Well, that story didn’t last very long. Ten minutes after I’d launched it onto the internet, I noticed its sheepish-looking author approaching the home news desk. I didn’t catch all the conversation that followed – at least not the first part – but the news editor’s rising “You mean it’s wrong ALREADY?” was audible in most parts of the newsroom.
After the apologetic reporter had shuffled away (“Well, how do you think I feel?”), the task of taking the story down and deleting it began. If a story is as (a) legally fraught and (b) libellous as this one was, there’s no room for the cheery news-website attitude of “never wrong for long”. Delete and apologise is the order of the day.
But that’s an extreme case. When the mistake is less explosive, and the story is sound enough to stay up on the site while the wrinkles get ironed out, the question then becomes one of degree: how wrong can you be, and for how long?
In fact, the question of “how wrong” can probably be solved using a traditional newspaper yardstick: if it’s so bad that it would have to be pulled off the page altogether, then the same should happen on the web. If it can be legitimately fixed by the stone sub deleting a line and getting a new headline set, then it’s fine to stay up on the site, with the proviso that you should make the changes with expedition. But the question of how long an online story can be worked on and refiled before it becomes a matter for the corrections desk is an entirely new one, for which there is no print-era precedent.
In the old days, an evening newspaper reporter might have two or three stories on the go at once, but she could expect to file each of them only once, towards the end of the day. That allowed time for more information to be gathered, more sources to return phone calls and more colleagues to be consulted for advice. But web news is rolling news, always wanting some copy on what’s breaking, so newspaper writers have had to learn the art of filing “first takes” within 15 minutes and thinking more deeply afterwards. This routine is now ingrained at the Tribune: stories often come and go two or three times during the day, the last time “for web and paper”. On big set-piece news events like the Budget, reporters actually write to timetables, with set filings expected as the chancellor progresses through his speech.
So no one is expecting completeness on a first take. And, implicitly, total accuracy is no longer expected first time either. Errors of a non-fatal nature – that is, those that do not invalidate the news content of the piece altogether – can be rectified and included in the next web update without any need to acknowledge the error (although if readers have pointed out the mistake in the comments below the article, it’s good manners, and good accountability, to acknowledge them). But the reader’s editor has shown no appetite for getting involved if a fleeting inaccuracy occurs in a hasty breaking-news piece whose expected shelf-life is about half an hour. Indeed, practically speaking, how could he? The mistake can be fixed in less time than it takes to notify him, and the article itself will often have been replaced in toto before the corrections desk gets back from lunch.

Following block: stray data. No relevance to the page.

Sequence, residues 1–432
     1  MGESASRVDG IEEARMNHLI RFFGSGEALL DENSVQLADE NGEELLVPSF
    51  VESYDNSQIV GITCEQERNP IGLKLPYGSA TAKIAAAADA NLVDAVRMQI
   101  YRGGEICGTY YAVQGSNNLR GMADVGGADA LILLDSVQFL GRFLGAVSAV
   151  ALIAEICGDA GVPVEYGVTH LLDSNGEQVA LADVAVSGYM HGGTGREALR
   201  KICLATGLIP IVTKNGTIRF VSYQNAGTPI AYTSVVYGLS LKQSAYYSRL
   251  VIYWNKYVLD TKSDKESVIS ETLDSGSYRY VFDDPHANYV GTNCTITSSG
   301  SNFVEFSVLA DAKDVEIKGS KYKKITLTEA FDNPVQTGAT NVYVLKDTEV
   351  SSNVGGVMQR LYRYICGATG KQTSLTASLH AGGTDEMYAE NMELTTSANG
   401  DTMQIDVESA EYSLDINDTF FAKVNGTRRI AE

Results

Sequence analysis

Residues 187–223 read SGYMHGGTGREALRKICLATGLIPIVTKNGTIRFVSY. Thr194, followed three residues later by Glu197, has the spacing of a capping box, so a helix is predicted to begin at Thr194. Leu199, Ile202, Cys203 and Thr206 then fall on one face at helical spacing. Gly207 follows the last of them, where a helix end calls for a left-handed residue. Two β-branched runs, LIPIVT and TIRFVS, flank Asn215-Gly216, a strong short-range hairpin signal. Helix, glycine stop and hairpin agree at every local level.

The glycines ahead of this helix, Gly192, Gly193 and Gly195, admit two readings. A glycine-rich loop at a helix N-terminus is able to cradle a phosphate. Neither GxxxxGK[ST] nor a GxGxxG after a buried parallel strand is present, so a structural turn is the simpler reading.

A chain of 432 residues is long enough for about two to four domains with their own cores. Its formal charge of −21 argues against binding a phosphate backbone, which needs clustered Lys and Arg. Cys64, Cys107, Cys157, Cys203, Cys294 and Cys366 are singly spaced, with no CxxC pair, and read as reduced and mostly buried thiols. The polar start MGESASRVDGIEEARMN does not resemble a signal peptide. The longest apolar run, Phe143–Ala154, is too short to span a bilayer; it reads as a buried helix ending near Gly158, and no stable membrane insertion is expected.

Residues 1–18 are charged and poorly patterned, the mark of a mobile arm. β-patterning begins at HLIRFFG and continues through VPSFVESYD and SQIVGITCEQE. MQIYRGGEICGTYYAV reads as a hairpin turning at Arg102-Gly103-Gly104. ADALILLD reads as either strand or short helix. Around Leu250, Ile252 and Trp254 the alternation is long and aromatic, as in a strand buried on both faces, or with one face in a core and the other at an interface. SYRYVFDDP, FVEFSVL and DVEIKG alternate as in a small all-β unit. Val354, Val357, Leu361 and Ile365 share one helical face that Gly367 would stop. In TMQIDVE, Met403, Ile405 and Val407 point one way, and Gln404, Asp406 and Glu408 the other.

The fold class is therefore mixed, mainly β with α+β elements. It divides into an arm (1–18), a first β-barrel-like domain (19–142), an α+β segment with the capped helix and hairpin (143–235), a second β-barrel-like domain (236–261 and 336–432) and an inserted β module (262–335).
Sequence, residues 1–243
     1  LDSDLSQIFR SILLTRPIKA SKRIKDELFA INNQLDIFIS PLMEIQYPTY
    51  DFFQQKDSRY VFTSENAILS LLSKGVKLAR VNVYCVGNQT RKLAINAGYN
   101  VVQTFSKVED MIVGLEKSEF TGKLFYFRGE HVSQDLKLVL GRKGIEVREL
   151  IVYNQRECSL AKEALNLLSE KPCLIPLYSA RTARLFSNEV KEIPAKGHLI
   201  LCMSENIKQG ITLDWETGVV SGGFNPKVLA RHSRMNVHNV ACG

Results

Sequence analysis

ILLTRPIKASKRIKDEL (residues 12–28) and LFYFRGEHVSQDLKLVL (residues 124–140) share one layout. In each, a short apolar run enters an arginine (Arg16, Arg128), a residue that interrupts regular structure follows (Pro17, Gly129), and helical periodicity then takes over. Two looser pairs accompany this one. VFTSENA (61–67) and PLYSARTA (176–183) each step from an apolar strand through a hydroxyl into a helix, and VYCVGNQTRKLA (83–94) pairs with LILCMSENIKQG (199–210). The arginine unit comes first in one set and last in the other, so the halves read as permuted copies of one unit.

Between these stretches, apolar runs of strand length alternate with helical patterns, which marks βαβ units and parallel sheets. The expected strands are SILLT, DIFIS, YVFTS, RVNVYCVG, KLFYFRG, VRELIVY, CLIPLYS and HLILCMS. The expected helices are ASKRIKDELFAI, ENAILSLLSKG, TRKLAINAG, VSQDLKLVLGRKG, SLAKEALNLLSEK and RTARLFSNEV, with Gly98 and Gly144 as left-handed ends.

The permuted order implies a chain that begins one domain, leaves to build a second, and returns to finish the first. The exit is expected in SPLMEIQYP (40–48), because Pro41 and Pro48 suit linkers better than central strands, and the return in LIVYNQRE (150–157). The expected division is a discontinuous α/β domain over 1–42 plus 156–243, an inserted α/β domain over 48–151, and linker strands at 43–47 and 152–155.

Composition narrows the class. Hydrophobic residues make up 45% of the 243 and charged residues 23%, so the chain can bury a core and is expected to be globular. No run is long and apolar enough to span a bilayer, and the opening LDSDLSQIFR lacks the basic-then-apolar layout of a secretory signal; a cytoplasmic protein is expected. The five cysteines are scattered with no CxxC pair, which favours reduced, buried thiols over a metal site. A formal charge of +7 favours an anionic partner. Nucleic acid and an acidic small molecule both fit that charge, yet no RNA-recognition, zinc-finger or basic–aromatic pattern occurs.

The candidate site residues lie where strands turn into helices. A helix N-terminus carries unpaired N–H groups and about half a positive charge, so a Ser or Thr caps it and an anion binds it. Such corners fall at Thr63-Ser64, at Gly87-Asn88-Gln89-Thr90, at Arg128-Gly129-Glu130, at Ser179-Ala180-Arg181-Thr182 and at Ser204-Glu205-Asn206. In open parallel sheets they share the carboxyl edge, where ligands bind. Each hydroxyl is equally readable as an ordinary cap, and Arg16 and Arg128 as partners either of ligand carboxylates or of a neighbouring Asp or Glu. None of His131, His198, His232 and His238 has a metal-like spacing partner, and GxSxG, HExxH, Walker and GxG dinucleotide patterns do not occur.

It’s dangerous to take that approach too far, though. We have quailed at a policy of endlessly, silently, perfecting old stories as the days and weeks go by, and rightly so. There’s something slightly Orwellian about a newspaper that, on its record, has apparently never made a mistake. And in any case, so many news stories have self-limiting relevance: no one clicks on the “jury has gone out” story once the “verdicts in” story is written; further discreet polishing would be pointless.
So the point at which a faulty story stops becoming a work in progress and crystallises into a mistake must be somewhere in between. At the Tribune, the rule is an overnight one. For the length of the calendar day on which a story first appears online, it can be modified and republished on the website without official intervention; but from the day after online publication, any complaints and corrections must be routed through the reader’s editor, and any resulting amendments must be explicitly noted at the foot of the article.
Why is that the rule? Well, you have to draw the line somewhere. And what could be more natural for a group of daily print journalists than to draw it at the end of the night, after the last edition has left the print works and nothing further can be done to put things right? We may be a global news website with tens of millions of readers, but we’re still a newspaper at heart.